/ Ask Terry Questions / Retiree – what to do?

Retiree – what to do?

By Terry Savage on January 03, 2019 | Investments

I wrote to you a couple weeks ago (I know a LOT of people do) about advantages/disadvantages of investing with a company like Ameriprise (as we are) & other companies but have not heard back. Is proprietary better or more of a generalist kind of firm? Also, we are 70 & have about 200,000 in mutual funds, bonds etc & have lost between 10,000 & 12,000 this past month – should we move more to cash? Our advisor left Ameriprise to go another firm so we now have someone new. We’re not sure if we’ll stay with Ameriprise or go with our previous advisor & are feeling a bit panicked!! We both have pensions & are comfortable so our savings is not something we need to live on but don’t want to lose it either!! Thanks so much for any help!

Terry Says

Sorry, I have been overwhelmed with questions — and have missed answering some.  I wish I had gotten to yours earlier!  Here are a few facts that will help you in your decision — and please search my columns for the word “fiduciary” to help you in this process.

Ameriprise is a BROKERAGE FIRM!  No matter what they call their “advisors” they are paid by commissions and fees, and do not promise to put your interests ahead of their own.  In other words, you are not dealing with a FIDUCIARY — a “fee-only” advisor who promises to fully reveal all fees, commissions, and costs — AND to put your interests ahead of their own.

So don’t follow this broker elsewhere — and don’t get stuck with another person who is likely in it for the money he/she can make off of you!  Could I be any clearer???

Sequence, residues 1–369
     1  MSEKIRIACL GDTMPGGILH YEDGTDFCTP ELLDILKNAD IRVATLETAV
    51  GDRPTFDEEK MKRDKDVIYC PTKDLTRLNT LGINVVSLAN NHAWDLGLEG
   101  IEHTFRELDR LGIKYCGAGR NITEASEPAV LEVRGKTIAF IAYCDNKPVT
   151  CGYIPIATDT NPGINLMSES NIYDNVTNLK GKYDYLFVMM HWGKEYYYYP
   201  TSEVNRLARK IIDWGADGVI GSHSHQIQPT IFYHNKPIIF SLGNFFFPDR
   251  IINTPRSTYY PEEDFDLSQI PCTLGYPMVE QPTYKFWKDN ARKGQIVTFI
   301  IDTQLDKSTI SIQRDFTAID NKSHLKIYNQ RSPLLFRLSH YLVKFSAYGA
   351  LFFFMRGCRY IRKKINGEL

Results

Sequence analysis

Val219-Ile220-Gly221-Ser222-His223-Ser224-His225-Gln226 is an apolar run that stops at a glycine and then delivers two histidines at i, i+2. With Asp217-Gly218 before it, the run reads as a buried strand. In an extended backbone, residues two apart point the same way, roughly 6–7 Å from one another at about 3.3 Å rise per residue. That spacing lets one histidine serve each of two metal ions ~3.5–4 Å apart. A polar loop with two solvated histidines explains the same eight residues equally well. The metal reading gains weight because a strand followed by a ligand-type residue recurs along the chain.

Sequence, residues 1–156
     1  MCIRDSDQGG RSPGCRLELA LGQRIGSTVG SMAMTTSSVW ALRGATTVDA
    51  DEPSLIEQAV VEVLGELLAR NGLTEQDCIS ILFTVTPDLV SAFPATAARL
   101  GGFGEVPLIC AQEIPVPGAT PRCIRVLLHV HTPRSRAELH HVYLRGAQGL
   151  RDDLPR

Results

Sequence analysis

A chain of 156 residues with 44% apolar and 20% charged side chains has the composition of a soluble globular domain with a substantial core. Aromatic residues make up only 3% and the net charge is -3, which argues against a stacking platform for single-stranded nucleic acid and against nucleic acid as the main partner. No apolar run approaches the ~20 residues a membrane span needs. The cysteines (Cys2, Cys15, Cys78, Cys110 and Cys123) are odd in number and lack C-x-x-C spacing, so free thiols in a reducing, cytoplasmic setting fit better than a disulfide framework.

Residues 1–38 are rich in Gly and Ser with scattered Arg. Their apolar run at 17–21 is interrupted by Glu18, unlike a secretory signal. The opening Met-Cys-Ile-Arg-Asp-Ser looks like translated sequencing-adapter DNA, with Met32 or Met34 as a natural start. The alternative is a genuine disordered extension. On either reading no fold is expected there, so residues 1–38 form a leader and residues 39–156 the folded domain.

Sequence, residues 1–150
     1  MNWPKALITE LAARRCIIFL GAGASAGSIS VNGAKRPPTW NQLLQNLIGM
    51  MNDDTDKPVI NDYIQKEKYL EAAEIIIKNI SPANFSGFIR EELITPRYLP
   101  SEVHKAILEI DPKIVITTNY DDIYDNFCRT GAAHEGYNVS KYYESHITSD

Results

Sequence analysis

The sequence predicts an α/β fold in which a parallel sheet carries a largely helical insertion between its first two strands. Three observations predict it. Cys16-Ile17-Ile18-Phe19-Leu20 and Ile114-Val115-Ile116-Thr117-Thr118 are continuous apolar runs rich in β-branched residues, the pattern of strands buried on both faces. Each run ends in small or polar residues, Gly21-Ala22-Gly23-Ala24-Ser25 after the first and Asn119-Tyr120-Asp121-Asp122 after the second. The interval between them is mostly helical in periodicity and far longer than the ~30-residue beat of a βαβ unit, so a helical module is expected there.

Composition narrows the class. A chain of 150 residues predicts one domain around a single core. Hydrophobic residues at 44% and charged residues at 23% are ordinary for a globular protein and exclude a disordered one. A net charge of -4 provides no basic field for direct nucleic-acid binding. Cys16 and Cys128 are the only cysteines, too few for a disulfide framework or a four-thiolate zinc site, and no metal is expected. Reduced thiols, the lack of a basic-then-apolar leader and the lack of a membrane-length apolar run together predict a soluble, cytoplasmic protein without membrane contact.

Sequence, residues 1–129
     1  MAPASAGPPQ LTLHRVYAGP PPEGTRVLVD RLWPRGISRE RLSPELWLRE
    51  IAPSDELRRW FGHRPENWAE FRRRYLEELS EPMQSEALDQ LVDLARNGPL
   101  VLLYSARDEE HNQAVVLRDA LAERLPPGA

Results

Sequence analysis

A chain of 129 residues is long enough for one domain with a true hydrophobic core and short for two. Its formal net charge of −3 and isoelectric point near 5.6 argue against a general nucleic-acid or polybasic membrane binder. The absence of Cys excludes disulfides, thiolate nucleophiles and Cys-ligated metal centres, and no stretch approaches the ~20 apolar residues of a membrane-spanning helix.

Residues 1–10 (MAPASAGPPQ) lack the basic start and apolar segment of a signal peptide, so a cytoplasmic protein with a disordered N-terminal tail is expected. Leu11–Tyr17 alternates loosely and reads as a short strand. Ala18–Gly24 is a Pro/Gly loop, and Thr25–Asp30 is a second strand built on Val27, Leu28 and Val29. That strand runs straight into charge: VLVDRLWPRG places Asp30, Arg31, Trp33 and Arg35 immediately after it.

Now, you’re going to ask how to find a FIDUCIARY.  First go to www.campaignforinvestors.org and read all about the Fiduciary standard.  You will also get links to check the disciplinary record of brokers and advisors.  THEN, go to www.Wealthramp.com, where you can get matched up with a fee-only fiduciary, certified financial planner.  Talk with at least two of them to see where you feel a connection.  That may take some time.

So IMMEDIATELY look over your portfolio and if you have no “cash” or money market funds  sell at least 20 percent and put it in money market fund and don’t look back!  You may have some losses but likely still some gains to offset them — so consider that when you choose which fund shares to sell.  And/or if this is an IRA, contact Fidelity or Vanguard and have them ROLLOVER the account directly — and listen to their advice about how much should move to cash.  If the investments are in an IRA, there will be no tax consequence.

 

money

ASK TERRY

a personal
finance question